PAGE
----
Nutrients in the Garden 16: Weeding the Garden

“Moooooom, your garden is weedy!” said a bossy little five-year old. She is good at pointing out the obvious. After some much needed rain and sunshine, the garden is bursting with green, most of it weeds.

Weeding comes with gardening. It has got to be done and it’s best to do it before the weeds get too big. Weeds compete with your vegetables for nutrients and water. I like to pull weeds early in the morning and preferably after watering or a gentle rain. The weeds come up easier when the ground is soft.

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I hand weed between each plant and use a hoe between each row. I work methodically, one row at a time, that way if I get interrupted; I know where I stopped and know where to start next time. Weeding is not a chore my children like but it is something they have to do. I give very clear instructions on what is a weed and what is a plant. George Washington Carver said it best, “A weed is a flower growing in the wrong place.” Some of the green that needs pulled may not look like a weed, but since it’s in the wrong place, we consider it competition and it needs to be removed, root and all. If you tackle the weeds with a hoe or tiller, be sure not to damage the roots of vegetables.

To control weeds, adding mulch to the garden is extremely effective. Here is a video of me explaining how I mulch my garden.

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If only that lazy cat could help weed the garden, too.

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I compiled a short list of things to continue to do in the garden. I am in zone 5 and the garden is slower to get started. Some of you may have been past this phase of gardening. If so, lucky you!!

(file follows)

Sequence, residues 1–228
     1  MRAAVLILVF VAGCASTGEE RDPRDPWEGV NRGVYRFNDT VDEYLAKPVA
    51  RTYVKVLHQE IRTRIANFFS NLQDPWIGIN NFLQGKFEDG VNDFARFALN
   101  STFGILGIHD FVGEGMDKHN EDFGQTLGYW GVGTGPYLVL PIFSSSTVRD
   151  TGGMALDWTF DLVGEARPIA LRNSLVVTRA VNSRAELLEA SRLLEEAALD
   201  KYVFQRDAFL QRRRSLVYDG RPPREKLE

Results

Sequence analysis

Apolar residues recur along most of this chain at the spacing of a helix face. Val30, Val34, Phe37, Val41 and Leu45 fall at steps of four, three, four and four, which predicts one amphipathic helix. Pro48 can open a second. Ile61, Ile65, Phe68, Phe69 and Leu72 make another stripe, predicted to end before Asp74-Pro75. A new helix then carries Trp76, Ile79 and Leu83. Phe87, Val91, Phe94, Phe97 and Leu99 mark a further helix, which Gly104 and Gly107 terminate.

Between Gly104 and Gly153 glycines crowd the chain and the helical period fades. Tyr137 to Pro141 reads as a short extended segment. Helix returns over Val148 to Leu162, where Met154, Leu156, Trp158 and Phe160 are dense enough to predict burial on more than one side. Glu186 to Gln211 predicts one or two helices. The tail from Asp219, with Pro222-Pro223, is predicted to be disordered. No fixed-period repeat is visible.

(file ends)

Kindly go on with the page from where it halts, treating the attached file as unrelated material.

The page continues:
– Water
– Continue thinning seedlings
– Begin to harvest:

  1. Green onions when the greens are 6 inches tall but don’t harvest all as you will want some to develop into a bulb
  2. Leaf lettuce when it is 4 to 6 inches tall. Do not pull the plant out of the ground, simply cut the leaves off. This will also encourage growth and flavor.
  3. Spinach when plants are 6 to 8 inches.
  4. Radish, Asparagus, and rhubarb

– Look for insect damage, holes in leaves or droppings (poop).
– If leaves are yellowing, you may need to add fertilizer.
– Stagger your plantings. Two weeks after planting lettuce, sweet corn and green beans, I plant more rows for a later harvest.
– Mulch. Mulch is a GREAT way to retain the moisture in the soil. It’s best to wait until the ground is warm and the seedlings/transplants are established.
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I am happy to be gardening with you.

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